African Journal of
Plant Science

  • Abbreviation: Afr. J. Plant Sci.
  • Language: English
  • ISSN: 1996-0824
  • DOI: 10.5897/AJPS
  • Start Year: 2007
  • Published Articles: 761

Full Length Research Paper

Comparison of qualitative and quantitative traits of some Advanced breeding lines of tomato (Lycopersicon esculentum L.)

Olakojo, S. A.*
  • Olakojo, S. A.*
  • Institute of Agricultural Research and Training Obafemi Awolowo University, P. M. B. 5029 Moor Plantation, Ibadan.
  • Google Scholar
Adetula, O. A.
  • Adetula, O. A.
  • National Horticultural Research Institute Idi-Isin, Ibadan.
  • Google Scholar


  •  Received: 02 December 2010
  •  Accepted: 30 September 2014
  •  Published: 31 October 2014

 ABSTRACT

Field trials and laboratory experiments were conducted on six advanced breeding lines of tomato (Lycopersicon esculentum L.) between 2004 and 2006 to genetically assess the organoleptic properties of the tomato lines, determine the relationships among tomato traits using correlation analysis and to estimate the fruit yield potential of the tomato lines. The trial was laid out in randomized complete block design with three replicates. Planting was done on four-row plots of 8 x 5 m using intra row spacing of 60 x 50 cm to obtain a plant population of 33,333 per ha. The results show that agronomic traits such as plant height, fruit weight and fruit yield differed significantly from one line to another, while significant differences exist in their organoleptic properties such as percentage titratable acid, organic acids, sugars and dry matter contents. Fruit yield ranged from 11.0 Mg/ha (CLN 1462B) to 30.0 Mg/ha (Manuella). The highest correlation coefficient (r=0.99) was found in the relationship between fruit weight and fruit yield. Titratable acids was highly and positively correlated with dry matter content, citric acid and malic acid, while malic acid among others was negatively and significantly correlated with fructose, glucose and pH.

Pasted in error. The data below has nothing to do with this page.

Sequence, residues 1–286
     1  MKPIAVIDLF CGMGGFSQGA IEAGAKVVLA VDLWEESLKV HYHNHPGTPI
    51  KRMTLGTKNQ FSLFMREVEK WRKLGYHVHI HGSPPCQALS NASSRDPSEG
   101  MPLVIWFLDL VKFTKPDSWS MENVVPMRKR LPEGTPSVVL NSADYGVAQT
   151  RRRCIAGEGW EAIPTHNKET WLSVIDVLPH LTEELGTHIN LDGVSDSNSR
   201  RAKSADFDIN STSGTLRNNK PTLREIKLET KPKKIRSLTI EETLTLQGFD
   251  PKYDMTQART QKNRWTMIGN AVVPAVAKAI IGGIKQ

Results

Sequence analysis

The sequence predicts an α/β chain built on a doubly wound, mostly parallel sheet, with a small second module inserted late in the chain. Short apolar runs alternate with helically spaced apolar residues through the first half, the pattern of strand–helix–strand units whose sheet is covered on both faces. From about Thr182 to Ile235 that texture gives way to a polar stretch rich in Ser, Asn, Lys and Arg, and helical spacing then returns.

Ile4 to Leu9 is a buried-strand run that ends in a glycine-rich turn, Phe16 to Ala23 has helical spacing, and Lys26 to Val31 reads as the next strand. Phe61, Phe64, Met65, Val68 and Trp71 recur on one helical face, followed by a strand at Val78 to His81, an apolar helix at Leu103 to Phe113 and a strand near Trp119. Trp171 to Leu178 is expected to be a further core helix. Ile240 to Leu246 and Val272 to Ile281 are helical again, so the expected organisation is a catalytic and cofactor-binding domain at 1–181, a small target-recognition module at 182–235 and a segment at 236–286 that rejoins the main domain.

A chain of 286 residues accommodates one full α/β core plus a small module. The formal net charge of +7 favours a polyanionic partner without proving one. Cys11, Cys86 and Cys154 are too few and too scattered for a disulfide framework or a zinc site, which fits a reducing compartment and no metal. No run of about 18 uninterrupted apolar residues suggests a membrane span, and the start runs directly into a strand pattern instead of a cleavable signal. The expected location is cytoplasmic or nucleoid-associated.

Key words: Advanced tomato lines, Organoleptic properties, qualitative traits, correlation coefficients biochemical properties.


 INTRODUCTION

Tomato (Lycopersicon esculentum L) is one of the most important fruit vegetables globally. In Nigeria, the most acceptable variety is Roma VF and generally adaptable to Nigerian Savanna ecology (Ibrahim and Dadari, 2002). Genetic improvement of tomato is a major thrust of many research Institutes in different parts of the globe. This research effort focused mainly on development of cultivars for higher yield potential, adaptation, and market value acceptability and enhanced organoleptic properties. Agong et al. (2000), used multiple correlation analysis to study relationship between some biochemical parameters and fruit weight in tomato; their results showed that most of the biochemical characters were negatively correlated with fresh tomato yields, suggesting that breeding programme may have to sacrifice larger fruit size to obtain or retain better quality. Mitchell et al. (1991) and Agong et al. (1997) confirmed the use of biochemical characteristics such as electric conductivity brix %, pH value and total titratable acidity as major criteria to judge the organoleptic and processing quality of tomato. Therefore, these properties should be of the selection criteria for improving tomato for better organoleptic properties.